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Characterization of Chemical Suicides in the United States and its Adverse Impact on Responders and Bystanders

  • Author(s): Anderson, Ayana
  • et al.
Abstract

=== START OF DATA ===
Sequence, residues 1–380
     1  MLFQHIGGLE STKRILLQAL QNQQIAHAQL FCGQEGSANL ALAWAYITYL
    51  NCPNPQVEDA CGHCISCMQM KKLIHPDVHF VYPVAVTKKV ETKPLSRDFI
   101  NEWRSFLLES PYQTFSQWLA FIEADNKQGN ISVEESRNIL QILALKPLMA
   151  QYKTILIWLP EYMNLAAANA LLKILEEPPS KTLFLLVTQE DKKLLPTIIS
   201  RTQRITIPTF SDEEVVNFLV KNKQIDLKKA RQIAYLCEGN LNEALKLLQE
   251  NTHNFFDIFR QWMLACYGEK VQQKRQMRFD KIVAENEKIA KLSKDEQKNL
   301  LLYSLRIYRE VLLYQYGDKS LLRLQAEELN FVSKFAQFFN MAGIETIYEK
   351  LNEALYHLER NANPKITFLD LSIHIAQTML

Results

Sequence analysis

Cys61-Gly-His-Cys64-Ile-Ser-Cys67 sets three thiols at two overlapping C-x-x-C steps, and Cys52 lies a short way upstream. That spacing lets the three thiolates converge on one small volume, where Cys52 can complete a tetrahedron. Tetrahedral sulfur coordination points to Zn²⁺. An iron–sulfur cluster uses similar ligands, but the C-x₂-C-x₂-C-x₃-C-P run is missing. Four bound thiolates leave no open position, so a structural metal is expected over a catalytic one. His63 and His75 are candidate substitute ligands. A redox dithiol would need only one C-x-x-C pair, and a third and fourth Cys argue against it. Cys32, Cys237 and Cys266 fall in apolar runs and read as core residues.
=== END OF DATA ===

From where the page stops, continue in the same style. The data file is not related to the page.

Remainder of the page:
ABSTRACT Introduction: A suicide trend that involves mixing household chemicals to produce hydrogen sulfide or hydrogen cyanide, commonly referred to as a detergent, hydrogen sulfide, or chemical suicide is a continuing problem in the United States (US). Because there is not one database responsible for tracking chemical suicides, the actual number of incidents in the US is unknown. To prevent morbidity and mortality associated with chemical suicides, it is important to characterize the incidents that have occurred in the United States. Methods: Data from 2011-2013 from state health departments participating in the Agency for Toxic Substances and Disease Registry’s National Toxic Substance Incidents Program (NTSIP) were analyzed. NTSIP is a web-based chemical incident surveillance system that tracks the public health consequences (e.g., morbidity, mortality) from acute chemical releases. Reporting sources for NTSIP incidents typically include first responders, hospitals, state environmental agencies, and media outlets. To find chemical suicide incidents in NTSIP’s database, open text fields were queried in the comment, synopsis, and contributing factors variables for potential incidents. Results: Five of the nine states participating in NTSIP reported a total of 22 chemical suicide incidents or attempted suicides during 2011-2013. These states reported a total of 43 victims: 15 suicide victims who died, 7 people who attempted suicide but survived, 8 responders, and 4 employees working at a coroner’s office; the remainder were members of the general public. None of the injured responders reported receiving HazMat technician level training, and none had documented appropriate personal protective equipment (PPE). Conclusion: Chemical suicides produce lethal gases that can pose a threat to responders and bystanders. Describing the characteristics of these incidents can help raise awareness among responders and the public about the dangers of chemical suicides. Along with increased awareness education is also needed on how to protect themselves.

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